Getty grandson's Chiltern bridleway fence plan 'unpleasant'
Ramblers and cyclists have criticised "strange" plans by a member of the Getty family to alter an "exquisite" bridleway in the Chilterns.
Tara Getty - a grandson of oil tycoon J Paul Getty - wants to add deer fencing, which would divert the path beside his farm at Ibstone, Buckinghamshire
Opens Spaces Society has said it would create narrow "pinch points" and make the route unpleasant for users.
The county council said the altered path would inconvenience the public.
The BBC has tried to reach Mr Getty for comment.
The bridleway forms part of a longer route through the village and is in an Area of Outstanding Natural Beauty.
Kate Ashbrook, of Open Spaces Society, said the 1.8m (5ft 9in) fencing would run alongside the path and then across it, moving the bridleway off-line.
"It's very strange," she added.
"You've got this lovely bridleway, a very direct old route and there seems to be absolutely no reason why people should be shoved out of the way.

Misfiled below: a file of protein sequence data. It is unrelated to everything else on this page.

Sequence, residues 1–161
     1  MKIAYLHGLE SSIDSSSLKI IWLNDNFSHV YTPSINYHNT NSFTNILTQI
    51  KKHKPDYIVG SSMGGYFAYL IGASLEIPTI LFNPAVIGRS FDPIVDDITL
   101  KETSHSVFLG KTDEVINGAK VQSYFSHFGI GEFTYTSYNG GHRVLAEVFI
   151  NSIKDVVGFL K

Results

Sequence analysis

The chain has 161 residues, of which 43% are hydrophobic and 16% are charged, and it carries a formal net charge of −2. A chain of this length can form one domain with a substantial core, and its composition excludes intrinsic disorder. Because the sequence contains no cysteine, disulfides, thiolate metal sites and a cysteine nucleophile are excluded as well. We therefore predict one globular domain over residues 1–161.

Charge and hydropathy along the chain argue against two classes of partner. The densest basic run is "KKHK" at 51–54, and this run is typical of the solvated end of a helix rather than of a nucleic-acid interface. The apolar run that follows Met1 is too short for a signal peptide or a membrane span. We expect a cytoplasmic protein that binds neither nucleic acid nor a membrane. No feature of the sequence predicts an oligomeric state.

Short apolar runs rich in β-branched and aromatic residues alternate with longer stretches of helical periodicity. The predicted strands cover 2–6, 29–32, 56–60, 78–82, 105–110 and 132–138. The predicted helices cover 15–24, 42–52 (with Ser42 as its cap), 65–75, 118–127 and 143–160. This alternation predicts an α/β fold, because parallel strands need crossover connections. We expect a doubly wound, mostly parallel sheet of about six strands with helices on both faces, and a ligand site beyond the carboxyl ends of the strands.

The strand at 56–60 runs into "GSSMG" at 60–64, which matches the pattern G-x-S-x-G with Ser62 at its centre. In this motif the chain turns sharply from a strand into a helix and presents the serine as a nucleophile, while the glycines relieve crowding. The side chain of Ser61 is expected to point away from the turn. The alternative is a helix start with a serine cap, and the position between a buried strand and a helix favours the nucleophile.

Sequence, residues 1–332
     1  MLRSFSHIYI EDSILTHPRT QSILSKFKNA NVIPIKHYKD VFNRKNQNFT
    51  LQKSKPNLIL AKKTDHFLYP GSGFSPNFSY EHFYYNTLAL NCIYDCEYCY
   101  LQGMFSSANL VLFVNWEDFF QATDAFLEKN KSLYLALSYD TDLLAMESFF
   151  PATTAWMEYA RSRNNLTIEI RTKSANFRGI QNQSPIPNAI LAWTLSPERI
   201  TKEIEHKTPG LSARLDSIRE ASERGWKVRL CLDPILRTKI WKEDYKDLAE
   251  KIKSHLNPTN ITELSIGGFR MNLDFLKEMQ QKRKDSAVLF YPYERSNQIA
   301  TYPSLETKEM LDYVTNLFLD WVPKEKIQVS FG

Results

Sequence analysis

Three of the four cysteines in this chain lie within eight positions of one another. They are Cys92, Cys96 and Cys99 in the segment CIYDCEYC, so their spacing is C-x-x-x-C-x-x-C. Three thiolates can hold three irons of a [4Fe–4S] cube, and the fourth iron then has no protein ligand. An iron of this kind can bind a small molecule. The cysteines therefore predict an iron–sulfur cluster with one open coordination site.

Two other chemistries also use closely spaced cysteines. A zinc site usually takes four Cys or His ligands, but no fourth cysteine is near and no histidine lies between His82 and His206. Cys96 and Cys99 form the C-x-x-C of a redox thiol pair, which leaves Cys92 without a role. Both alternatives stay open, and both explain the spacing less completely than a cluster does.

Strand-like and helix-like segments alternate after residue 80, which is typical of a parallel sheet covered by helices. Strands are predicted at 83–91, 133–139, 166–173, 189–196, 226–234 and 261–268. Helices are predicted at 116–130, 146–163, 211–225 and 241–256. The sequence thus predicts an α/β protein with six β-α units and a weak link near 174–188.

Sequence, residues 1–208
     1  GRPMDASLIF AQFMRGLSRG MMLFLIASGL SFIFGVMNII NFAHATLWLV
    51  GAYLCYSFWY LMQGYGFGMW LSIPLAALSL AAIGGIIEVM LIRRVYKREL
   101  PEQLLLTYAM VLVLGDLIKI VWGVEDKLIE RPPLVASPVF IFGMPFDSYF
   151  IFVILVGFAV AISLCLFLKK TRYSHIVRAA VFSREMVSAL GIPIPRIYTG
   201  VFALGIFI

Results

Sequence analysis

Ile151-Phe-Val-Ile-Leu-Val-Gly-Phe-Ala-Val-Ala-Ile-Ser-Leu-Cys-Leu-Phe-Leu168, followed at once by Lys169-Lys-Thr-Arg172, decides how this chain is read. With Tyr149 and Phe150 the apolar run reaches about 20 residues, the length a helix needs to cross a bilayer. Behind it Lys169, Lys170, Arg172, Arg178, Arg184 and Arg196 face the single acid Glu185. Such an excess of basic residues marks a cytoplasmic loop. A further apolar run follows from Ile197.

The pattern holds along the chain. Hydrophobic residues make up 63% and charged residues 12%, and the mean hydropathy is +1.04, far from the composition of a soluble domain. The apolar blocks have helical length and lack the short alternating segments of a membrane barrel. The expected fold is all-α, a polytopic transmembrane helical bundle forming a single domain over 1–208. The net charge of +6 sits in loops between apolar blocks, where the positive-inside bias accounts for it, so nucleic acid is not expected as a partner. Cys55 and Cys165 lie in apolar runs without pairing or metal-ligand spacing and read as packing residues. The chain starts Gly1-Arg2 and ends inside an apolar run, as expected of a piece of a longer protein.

"This will create pinch points - the view will be spoilt and you feel hemmed in."
Forcing users to proceed in single file on the altered sections would add to the impression that the area was private, the county council added.
A sign already warns about CCTV and an unofficial notice suggests a longer route further from the house.
Cycling UK has also written to Wycombe District Council, pointing out that narrowing the bridleway could create "conflict" on the path.
Mr Getty - whose full name is Tara Gabriel Gramophone Galaxy Getty - is 50 and the son of British-born billionaire Sir John Paul Getty, who died in 2003.
Sir John Paul's father was American industrialist J Paul Getty, whose name was synonymous with vast wealth.
The county council has told the district council that it should reject the proposal under the Highways Act 1980.
A decision is expected to be made in the new year.